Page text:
Arrest of 12-year-old on manslaughter charges highlights challenges in cases of kids

Tessa Duvall, •

A series of recent U.S. Supreme Court cases have established as “irrefutable” that children are not legally nor developmentally the same adults, said Marsha Levick, deputy director and chief counsel of the Juvenile Law Center in Philadelphia.

“Reasonable children are not the same as reasonable people,” Levick said, referring to a legal tenet called the reasonable person standard. “They don’t see risks and consequences the same way that adults do.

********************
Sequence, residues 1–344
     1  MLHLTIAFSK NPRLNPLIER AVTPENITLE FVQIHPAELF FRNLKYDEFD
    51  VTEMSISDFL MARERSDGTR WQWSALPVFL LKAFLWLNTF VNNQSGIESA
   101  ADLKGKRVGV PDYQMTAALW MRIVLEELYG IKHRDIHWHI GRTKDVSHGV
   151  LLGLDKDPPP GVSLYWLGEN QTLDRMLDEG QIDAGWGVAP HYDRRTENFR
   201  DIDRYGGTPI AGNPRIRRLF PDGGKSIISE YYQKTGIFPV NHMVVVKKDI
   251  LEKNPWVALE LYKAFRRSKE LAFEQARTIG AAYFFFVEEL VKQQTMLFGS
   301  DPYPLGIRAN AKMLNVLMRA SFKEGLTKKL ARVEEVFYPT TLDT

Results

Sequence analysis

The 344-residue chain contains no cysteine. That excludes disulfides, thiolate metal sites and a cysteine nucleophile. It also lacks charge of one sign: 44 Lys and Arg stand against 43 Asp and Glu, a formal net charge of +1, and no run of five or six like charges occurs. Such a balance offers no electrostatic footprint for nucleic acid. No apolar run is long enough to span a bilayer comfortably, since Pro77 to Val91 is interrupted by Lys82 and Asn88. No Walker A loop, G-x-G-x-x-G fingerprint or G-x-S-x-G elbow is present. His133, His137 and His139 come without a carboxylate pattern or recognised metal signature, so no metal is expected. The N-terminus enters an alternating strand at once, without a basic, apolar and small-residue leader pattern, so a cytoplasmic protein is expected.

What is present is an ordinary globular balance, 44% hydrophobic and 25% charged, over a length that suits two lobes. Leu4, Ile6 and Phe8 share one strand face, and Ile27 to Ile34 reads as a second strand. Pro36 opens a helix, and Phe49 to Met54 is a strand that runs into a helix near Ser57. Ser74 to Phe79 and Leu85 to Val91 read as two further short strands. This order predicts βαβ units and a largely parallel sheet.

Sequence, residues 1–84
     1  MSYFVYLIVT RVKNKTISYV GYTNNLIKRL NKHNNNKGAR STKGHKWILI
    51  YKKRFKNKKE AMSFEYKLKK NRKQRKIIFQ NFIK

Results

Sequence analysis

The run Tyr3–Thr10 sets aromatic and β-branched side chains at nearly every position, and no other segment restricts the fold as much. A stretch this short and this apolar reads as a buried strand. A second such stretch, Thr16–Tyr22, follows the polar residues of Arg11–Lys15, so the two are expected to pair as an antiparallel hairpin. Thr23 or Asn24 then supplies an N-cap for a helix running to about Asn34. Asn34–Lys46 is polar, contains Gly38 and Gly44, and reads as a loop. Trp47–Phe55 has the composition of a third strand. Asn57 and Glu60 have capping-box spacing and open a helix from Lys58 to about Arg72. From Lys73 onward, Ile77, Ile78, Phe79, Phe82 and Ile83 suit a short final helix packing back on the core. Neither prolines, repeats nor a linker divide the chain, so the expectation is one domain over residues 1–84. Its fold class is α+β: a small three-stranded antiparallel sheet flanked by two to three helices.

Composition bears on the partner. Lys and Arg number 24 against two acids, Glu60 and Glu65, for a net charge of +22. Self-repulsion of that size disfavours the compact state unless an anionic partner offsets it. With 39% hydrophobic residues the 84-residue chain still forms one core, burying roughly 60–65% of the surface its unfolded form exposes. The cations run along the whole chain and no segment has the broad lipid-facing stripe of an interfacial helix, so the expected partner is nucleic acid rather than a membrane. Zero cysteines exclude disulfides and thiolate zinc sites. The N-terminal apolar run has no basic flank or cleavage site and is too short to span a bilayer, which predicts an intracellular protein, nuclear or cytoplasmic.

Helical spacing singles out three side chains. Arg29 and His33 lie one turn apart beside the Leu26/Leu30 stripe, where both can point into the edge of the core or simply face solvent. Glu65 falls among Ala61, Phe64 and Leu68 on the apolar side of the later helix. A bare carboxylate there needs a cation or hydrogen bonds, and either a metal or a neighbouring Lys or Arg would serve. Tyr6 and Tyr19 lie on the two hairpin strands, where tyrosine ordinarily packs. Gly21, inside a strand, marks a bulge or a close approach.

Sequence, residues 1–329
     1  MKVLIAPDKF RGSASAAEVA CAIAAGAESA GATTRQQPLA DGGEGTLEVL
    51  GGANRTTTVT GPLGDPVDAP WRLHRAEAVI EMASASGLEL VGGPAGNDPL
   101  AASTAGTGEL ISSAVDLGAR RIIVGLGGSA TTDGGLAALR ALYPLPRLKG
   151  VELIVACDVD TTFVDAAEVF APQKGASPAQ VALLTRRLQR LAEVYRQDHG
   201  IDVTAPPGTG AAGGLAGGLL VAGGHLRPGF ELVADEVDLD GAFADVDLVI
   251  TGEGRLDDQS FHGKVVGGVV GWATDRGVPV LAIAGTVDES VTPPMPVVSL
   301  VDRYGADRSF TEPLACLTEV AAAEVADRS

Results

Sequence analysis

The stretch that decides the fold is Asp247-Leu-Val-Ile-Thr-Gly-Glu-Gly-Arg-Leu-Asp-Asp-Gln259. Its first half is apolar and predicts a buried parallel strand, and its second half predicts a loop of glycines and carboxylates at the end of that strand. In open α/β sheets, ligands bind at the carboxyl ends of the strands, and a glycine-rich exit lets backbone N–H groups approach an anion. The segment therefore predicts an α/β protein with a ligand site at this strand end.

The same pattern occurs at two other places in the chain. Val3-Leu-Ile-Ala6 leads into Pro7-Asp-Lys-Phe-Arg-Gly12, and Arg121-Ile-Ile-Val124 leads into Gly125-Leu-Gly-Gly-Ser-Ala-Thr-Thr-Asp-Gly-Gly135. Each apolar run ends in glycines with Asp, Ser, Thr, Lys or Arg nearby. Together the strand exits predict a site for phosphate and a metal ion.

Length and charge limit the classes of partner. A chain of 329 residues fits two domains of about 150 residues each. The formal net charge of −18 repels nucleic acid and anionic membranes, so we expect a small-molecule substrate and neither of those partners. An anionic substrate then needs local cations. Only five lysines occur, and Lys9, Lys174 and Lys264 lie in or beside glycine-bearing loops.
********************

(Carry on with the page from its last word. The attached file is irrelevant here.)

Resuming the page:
“Should he have been able to manage his behavior under those circumstances? He’s a child. One could query how much he even understands what happened in the moment he pulled the trigger.”

But that doesn’t mean a child can’t still be held accountable.

“It’s a natural instinct, and it’s an appropriate instinct,” Levick said. “But we hold children accountable in developmentally appropriate ways.”